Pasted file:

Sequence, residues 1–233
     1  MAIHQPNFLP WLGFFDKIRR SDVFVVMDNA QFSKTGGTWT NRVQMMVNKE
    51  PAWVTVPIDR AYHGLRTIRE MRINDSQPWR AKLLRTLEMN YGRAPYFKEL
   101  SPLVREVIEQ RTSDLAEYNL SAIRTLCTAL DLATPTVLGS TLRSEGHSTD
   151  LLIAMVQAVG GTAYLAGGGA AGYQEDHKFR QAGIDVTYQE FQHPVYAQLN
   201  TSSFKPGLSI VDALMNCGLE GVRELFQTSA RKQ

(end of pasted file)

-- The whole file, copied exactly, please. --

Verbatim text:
Sequence, residues 1–233
     1  MAIHQPNFLP WLGFFDKIRR SDVFVVMDNA QFSKTGGTWT NRVQMMVNKE
    51  PAWVTVPIDR AYHGLRTIRE MRINDSQPWR AKLLRTLEMN YGRAPYFKEL
   101  SPLVREVIEQ RTSDLAEYNL SAIRTLCTAL DLATPTVLGS TLRSEGHSTD
   151  LLIAMVQAVG GTAYLAGGGA AGYQEDHKFR QAGIDVTYQE FQHPVYAQLN
   201  TSSFKPGLSI VDALMNCGLE GVRELFQTSA RKQ